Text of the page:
Renewable energy: Anywhere the wind blows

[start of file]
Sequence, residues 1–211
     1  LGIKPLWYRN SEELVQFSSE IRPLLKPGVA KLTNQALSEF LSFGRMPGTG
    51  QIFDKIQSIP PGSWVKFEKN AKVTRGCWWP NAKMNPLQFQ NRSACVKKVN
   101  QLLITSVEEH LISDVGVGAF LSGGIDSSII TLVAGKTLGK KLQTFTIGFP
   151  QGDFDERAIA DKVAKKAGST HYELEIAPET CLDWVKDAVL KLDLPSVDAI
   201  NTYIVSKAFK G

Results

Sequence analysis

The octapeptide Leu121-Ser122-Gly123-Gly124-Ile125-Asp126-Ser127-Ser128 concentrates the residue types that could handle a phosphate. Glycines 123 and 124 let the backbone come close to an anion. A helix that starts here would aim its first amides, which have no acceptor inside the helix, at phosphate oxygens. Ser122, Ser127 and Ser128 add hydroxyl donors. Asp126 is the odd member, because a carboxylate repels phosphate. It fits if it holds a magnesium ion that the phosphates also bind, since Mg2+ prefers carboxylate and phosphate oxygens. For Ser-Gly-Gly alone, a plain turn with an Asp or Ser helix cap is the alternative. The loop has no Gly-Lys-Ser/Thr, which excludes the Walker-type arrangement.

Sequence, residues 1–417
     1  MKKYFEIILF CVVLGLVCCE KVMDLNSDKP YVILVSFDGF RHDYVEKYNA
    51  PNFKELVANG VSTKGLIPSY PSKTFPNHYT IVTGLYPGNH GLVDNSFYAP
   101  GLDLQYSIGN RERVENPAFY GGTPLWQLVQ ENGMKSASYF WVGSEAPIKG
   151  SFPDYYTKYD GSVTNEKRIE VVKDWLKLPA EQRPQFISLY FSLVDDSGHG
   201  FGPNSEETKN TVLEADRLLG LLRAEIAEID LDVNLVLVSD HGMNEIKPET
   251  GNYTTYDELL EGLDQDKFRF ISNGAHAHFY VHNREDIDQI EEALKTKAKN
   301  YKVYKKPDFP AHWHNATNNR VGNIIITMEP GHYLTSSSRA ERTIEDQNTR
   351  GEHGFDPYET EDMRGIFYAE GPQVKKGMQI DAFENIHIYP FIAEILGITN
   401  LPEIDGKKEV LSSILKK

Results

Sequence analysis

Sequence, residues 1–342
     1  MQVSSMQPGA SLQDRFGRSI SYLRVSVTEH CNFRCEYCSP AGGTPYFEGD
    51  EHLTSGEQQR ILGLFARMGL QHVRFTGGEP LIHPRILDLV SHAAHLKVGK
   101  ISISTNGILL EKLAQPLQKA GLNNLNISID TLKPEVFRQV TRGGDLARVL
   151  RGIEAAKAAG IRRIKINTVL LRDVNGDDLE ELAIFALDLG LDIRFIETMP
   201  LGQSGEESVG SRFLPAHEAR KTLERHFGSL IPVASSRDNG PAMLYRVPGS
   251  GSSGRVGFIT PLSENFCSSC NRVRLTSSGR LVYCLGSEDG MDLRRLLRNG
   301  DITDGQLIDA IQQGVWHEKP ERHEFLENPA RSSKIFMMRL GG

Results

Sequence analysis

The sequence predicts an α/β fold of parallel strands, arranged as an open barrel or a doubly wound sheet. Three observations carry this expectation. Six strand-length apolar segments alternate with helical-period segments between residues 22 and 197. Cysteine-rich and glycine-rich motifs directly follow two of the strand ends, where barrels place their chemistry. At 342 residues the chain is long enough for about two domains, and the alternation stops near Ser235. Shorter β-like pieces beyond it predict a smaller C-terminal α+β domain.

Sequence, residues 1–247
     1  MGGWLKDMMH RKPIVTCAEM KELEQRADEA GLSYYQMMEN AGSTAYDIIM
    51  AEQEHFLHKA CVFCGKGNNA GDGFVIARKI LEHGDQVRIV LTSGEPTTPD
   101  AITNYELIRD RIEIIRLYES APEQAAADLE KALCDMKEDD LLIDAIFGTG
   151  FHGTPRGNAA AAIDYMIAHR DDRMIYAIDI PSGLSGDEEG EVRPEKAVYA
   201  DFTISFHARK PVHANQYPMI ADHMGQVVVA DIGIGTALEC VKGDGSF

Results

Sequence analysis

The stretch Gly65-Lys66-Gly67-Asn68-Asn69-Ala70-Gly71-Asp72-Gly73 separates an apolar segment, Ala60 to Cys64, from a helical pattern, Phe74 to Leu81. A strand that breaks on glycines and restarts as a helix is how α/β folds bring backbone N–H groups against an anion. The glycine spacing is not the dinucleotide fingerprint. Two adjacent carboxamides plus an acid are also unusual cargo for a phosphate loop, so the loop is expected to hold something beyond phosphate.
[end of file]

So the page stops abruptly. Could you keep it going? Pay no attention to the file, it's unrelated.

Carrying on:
By Rob Edwards PETER HOPE’S job is to break the blades of wind turbines. Standing in a huge shed on the coast of north-east England, he describes how he uses a set of heavy-duty winches to bend them until they snap with a loud bang. He tests the designs to breaking point to ensure they can withstand the wildest gales. Once he tugged the tip of a 42.5-metre blade 11 metres off its axis – bending it by 15 degrees – before it failed. “We’ve broken every blade we’ve tested,” he says Hope is head of one of the world’s most advanced turbine blade testing facilities, run by the UK New and Renewable Energy Centre (NaREC) in Blyth, near Newcastle. Next year he is looking forward to starting tests on what will be the longest blade yet made – a 75-metre monster being developed by the California wind power company Clipper, designed to generate 10 megawatts (MW) of electricity. After that, the blades are likely to get even bigger. The European Union is funding research into 20-MW machines, which could have 130-metre blades. In theory blades could be larger still but economic factors and the practical problems of construction and installation will come into play long before that limit is reached. The time and money being spent on wind power is perhaps not surprising when you consider that, based on global average annual wind speeds,
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